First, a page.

How Dumb and Dumber Predicted a New Thriving Industry

mobile dog grooming

In the 1994 film “Dumb and Dumber”, Jeff Daniels’ character starts a mobile dog grooming business called Mutt Cutts. The business features a utility van made to look like a sheepdog. At the time, the business idea seemed to match the movie’s name. But in the 20 years since, the pet care industry has experienced massive growth. And now mobile dog grooming is a viable business model.

There are a few different reasons for this. First, the amount that people spend on their pets has increased drastically. Last year, Americans spent about $56 billion on their pets, according to the American Pet Products Association. That’s up from just $17 billion in 1994.

Those consumers aren’t just spending more on the basics. They’re buying more non-essential items for Fido. These include things like doggy outfits and manicures. Taking all of this into  account, a pet groomer that comes to you doesn’t seem like too much of a stretch.

In addition, more consumers are beginning to appreciate and validate mobile businesses. From food trucks to apparel and accessories stores run out of vehicles, mobile businesses have become much more respected in recent years.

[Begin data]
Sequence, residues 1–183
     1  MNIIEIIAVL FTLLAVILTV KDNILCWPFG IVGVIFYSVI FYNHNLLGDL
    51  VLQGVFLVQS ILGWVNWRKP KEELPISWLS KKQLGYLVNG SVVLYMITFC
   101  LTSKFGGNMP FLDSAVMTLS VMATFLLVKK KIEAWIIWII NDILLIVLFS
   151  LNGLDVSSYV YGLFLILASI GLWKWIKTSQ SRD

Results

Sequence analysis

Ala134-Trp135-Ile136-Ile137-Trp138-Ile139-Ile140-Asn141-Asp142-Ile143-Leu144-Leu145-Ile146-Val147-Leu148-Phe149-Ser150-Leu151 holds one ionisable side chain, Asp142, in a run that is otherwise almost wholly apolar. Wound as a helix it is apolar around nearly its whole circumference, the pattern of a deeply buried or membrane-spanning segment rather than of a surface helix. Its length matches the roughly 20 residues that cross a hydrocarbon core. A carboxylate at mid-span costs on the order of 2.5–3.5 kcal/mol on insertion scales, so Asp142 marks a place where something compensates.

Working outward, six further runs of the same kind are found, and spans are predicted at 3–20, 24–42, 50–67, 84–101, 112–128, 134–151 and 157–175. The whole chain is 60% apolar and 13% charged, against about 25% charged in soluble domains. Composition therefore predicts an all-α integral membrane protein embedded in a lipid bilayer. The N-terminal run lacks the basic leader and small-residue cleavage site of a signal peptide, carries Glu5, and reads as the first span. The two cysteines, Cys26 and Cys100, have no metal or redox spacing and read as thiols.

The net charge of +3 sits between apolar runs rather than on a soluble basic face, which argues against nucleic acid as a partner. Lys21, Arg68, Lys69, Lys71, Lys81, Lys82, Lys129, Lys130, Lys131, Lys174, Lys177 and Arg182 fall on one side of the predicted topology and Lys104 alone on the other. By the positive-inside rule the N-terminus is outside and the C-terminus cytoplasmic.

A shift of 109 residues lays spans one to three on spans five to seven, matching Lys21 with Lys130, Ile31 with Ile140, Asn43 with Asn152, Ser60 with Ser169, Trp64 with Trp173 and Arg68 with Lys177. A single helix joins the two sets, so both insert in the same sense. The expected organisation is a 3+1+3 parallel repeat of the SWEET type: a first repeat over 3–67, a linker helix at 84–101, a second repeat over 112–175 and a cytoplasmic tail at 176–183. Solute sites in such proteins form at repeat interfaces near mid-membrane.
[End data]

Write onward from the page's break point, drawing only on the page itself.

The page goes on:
This mobile concept has translated so well to the dog grooming industry that it can be difficult for groomers to even meet the demand.

Shaffia Galis-Menendez is one of those groomers. She runs a mobile grooming business out of a 2014 Dodge Promaster in West Orange, N.J. She makes about five stops per day and is usually booked at least three months in advance. She told Bloomberg Businessweek:

“There’s a little saying in this industry. It’s not about finding dogs to groom, it’s about finding groomers to groom them.”

In “Dumb and Dumber”, Daniels’ character Harry Dunne eventually gives up on his business. He should have gone the distance. While the sheepdog van might not have led to success, the idea behind the business did show some potential.

There have been multiple similar trends that have led to new viable industries. The key is to be able to identify one before it really takes off. Though it may not have worked for Daniels’ character in the movie, mobile pet grooming has proved a gold mine for those willing to stick with it.



Annie Pilon Annie Pilon is a Senior Staff Writer for Small Business Trends, covering entrepreneur profiles, interviews, feature stories, community news and in-depth, expert-based guides. When she’s not writing she can be found exploring all that her home state of Michigan has to offer.

2 Reactions
  1. Gotta love movies that spark creative business ideas. It happened with the pooper scooper industry and the movie Envy. Although I don’t know if the movie had anything to do with it since I don’t have any stats.

    • Interesting! Yes, even if the movies are not the exact cause of these new industries it’s pretty cool to see them kind of predict things by chance.